A child is a child. Perhaps a bright child, a knowledgeable child, even a child more rational than an adult—yet still lacking the mental, emotional and moral maturity that distinguishes the adult from the child. Around the age of 12 for a girl, 13 for a boy, that sense begins to kick in. That’s why only at that age does Jewish law consider you responsible for your actions.

This milestone is known as bar mitzvah for boys, and bat mitzvah for girls. That means “son/daughter of the mitzvah”—because now you are obliged to keep all the mitzvahs (precepts) of the Torah.

Now that’s a milestone worth celebrating. So we hold a festive meal where words of Torah and inspiration are shared by the guest of honor and others. Make sure to schedule this celebration for the Jewish birthday, or shortly thereafter. Use our Bar/Bat Mitzvah Date Calculator to check the date.

It’s a milestone worth celebrating. We hold a festive meal where words of Torah are shared by the guest of honor and othersEven more important is that girls and boys spend the months beforehand brushing up on the how-tos of the mitzvahs and the importance of observing them, and deepen their understanding of what it means to be Jewish.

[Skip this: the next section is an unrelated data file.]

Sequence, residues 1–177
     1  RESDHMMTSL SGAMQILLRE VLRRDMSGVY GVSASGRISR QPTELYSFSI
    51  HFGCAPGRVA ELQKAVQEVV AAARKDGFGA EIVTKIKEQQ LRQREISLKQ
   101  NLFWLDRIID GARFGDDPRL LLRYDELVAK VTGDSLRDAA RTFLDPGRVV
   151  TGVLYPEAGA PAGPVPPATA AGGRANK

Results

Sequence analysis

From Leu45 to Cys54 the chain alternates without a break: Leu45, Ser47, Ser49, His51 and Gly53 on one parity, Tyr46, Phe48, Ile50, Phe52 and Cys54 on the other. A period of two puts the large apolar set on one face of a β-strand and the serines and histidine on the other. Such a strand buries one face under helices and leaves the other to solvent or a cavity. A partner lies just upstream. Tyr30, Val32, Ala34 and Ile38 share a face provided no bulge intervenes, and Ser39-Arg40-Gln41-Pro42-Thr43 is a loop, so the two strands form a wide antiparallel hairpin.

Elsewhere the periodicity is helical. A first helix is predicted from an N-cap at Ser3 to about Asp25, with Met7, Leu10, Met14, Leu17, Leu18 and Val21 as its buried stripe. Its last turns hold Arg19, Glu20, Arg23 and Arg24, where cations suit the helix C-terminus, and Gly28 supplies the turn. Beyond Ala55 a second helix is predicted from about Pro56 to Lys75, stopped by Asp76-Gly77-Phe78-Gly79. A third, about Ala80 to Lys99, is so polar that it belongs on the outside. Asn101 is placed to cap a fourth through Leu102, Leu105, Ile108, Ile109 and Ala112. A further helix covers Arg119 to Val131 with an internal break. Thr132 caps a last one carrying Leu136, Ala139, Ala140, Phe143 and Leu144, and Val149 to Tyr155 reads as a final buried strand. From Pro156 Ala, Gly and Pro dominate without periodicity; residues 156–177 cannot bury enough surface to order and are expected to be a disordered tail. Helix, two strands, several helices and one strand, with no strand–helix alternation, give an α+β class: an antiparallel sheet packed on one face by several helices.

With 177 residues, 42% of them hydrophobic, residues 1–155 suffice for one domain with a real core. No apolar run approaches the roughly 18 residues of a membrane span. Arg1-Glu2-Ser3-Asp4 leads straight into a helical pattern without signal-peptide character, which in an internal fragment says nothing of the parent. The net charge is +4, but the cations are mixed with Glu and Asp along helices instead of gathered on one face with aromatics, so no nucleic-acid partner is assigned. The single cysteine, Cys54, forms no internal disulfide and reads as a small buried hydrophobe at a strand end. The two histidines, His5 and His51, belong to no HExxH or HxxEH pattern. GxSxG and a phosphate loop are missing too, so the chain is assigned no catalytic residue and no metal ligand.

What if you missed the celebration? Once you’ve reached that age, you are a bar or bat mitzvah. It’s like a birthday: you can choose not to celebrate it, but that won’t make you any younger.

Bar Mitzvah Details:

A few weeks beforehand, the young man starts practice-wrapping tefillin daily. The bar mitzvah day is the start of the real thing. Also from that day, he is counted in a minyan—the required quorum of ten for a prayer service. Also, he may lead communal prayers and receive an aliyah at Torah readings.

The bar mitzvah boy is traditionally honored with an aliyah on, or shortly after, becoming bar mitzvah. In some communities it is customary for him to read from the Torah or the haftorah (the reading of Prophets that follows the Shabbat Torah reading).